Frank Zappa was so prolific as an artist that it’s hard to know where to dive it to his back catalogue. “Freak Out!”, the debut for The Mothers of Invention is a pretty good starting point. If artists like The Flying Burrito Brothers took a couple of genres and fused them together, Zappa took as many genres as he could, mixed them together and threw them at a wall to see what would stick. Crazily enough it kind of works. There is something really infectious about the sound of The Mothers of Invention. Upon first listen, “Freak Out!” just seems really weird, almost confronting, but over time it starts to make sense and you start to see the brilliance of Zappa unfolding. In Australia we have the slang ‘taking the piss’, which means to mock or make fun of. It’s obvious from the get go that Zappa is the master at it. The thing though that stops this being a parody/joke album is that he does it in such a bloody endearing way. Yes he is poking fun at the culture of the 60s, which is quite easy to do I might add, but you can tell he also loves it. He’s like the big brother who relentlessly teases you but would be the first to stand up for you when neccesary. Over his career Zappa released 62 albums, spanning as many genres as he does on the tracks of this album. He’s crazy in that genius, eccentric kind of way. Even if you don’t like the man or his sound you do have to give him props for the mark he left on the musical landscape.
My word, The Mothers of Invention were truly awful! [Pause] Now that Clay has recovered from his heart attack, I can say that I absolutely loved “Freak Out!” The thing I loved the most about it is that Frank Zappa doesn’t take himself too seriously. Or, at all seriously. “Freak Out!” was written from Frank Zappa’s perspective on American modern culture in the 60s – not that that is a subject I specialise in.’ Go Cry On Someone Else’s Shoulder’ is a parody of a shoo wop song. You know the “you left me baby, but I love you and I want you back”? Well, not Mr Zappa. In true Zappa fashion, he’s written exactly the opposite. And his spoken word part at the end is brilliant. I think spoken word is definitely one of Frank Zappa’s strengths. He’s a funny, funny guy. And, something that took me quite by surprise, quite an adept guitarist! The whole band is quite excellent, from the lead guitar to the kazoo! Ray Collins is also credited as playing the finger cymbals, which is hilarious. We’re looking at an MC5-esque situation here, ending the album with a long conceptual piece. The difference between ‘Starship’ and this track, ‘The Return Of The Son Of Monster Magnet’, is actually good – check that – it’s great. It is kinda spacey, the way ‘Starship’ was, but this is much tidier and utilises beautifully what I can only assume is a theremin. The drumming is also brilliant, and I was both disappointed and surprised to find it was not Vinnie Colaiuto behind the kit. This album, and Clay’s constant Zappa evangelism has made me keen to investigate The Mothers Of Invention more. But what is clear from this debut album is that Frank Zappa is a musical genius.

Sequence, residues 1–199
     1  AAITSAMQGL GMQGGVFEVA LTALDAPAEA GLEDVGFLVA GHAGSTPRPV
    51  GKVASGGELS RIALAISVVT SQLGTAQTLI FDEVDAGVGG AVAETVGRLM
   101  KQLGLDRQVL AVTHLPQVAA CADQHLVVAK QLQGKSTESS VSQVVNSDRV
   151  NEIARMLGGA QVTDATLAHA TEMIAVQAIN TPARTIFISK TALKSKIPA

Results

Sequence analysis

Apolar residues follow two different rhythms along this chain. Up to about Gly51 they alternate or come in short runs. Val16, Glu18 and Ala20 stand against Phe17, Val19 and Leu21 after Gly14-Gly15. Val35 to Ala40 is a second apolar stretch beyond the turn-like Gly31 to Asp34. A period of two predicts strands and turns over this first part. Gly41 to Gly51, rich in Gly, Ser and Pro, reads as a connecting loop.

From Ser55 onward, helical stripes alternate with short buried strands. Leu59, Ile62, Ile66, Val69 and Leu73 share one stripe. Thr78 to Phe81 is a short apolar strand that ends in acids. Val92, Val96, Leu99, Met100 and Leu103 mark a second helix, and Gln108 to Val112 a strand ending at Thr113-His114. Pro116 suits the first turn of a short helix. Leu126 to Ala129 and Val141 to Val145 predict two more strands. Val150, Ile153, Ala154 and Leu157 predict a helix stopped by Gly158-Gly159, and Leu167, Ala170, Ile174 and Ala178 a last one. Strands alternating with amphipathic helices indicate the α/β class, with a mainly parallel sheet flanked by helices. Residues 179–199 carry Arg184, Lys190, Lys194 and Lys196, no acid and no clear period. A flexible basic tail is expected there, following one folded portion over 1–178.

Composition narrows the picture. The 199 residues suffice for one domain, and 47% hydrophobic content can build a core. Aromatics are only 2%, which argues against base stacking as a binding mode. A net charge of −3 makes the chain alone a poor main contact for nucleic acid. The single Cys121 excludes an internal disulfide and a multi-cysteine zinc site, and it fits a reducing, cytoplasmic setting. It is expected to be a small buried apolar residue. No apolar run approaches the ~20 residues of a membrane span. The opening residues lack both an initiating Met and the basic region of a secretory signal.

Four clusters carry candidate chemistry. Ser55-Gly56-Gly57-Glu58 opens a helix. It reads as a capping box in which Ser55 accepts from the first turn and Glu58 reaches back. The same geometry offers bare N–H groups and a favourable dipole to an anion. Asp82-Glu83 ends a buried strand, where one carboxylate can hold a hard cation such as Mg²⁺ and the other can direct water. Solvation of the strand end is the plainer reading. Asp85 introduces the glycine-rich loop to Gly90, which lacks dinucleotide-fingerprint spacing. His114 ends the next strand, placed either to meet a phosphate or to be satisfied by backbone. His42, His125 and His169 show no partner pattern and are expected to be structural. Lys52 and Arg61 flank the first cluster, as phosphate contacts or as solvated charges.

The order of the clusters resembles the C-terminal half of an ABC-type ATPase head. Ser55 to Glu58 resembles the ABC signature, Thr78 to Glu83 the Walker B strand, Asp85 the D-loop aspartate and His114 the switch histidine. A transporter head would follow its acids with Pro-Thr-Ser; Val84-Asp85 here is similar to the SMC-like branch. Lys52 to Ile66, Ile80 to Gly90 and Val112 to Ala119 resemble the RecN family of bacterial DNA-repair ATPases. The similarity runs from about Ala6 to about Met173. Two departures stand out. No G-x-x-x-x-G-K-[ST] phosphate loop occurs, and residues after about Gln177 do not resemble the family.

This album is so far from my kind of thing. I read a quote on Wikipedia which said Frank Zappa’s ‘diverse musical influences led him to create music that was often difficult to categorize’. Damn straight it was! There was just too much going on for me to hone in on what I dug and every time I listened to it I just got irritated! It was this crazy recapitulation of the whole evolution of rock music in the 60’s. There’s everything from folk rock to Brit-pop, to blues- rock, to an east coast sound reminiscent of the Beach Boys and at times the rock ‘n’ roll sounds even eluded to work of the works of “Frankie Valli & The Four Seasons”. There’s no denying that for a debut album, “Freak Out!” was pretty amazing, especially since Frank Zappa was self-taught as a musician and composer. Zappa’s vocal, with an exaggerated sarcastic droll and deadpan sound, stand out for their political and social commentary, and because of this I sometimes felt like I was listening to poetry with a musical accompaniment rather than the contrary. I’d also be interested to know if anyone else who listened to this was instantly reminded of the band “Cake” – Zappa’s lead vocal immediately conjured up thoughts of the 90’s alternative rockers. There were parts of the album that I particularly enjoyed, for example the anthemic ballad ‘How Could I Be Such a Fool’ was easier on the ear, although it was a bit too over the top for my liking. I also liked the political undertones of the psychedelic-ish ‘Trouble Every Day’ and it had a catchy guitar hook. Overall though, it just seemed to drag on for me – why do the albums I don’t really like insist on having so many tracks! Not one of my favourites, I’m afraid.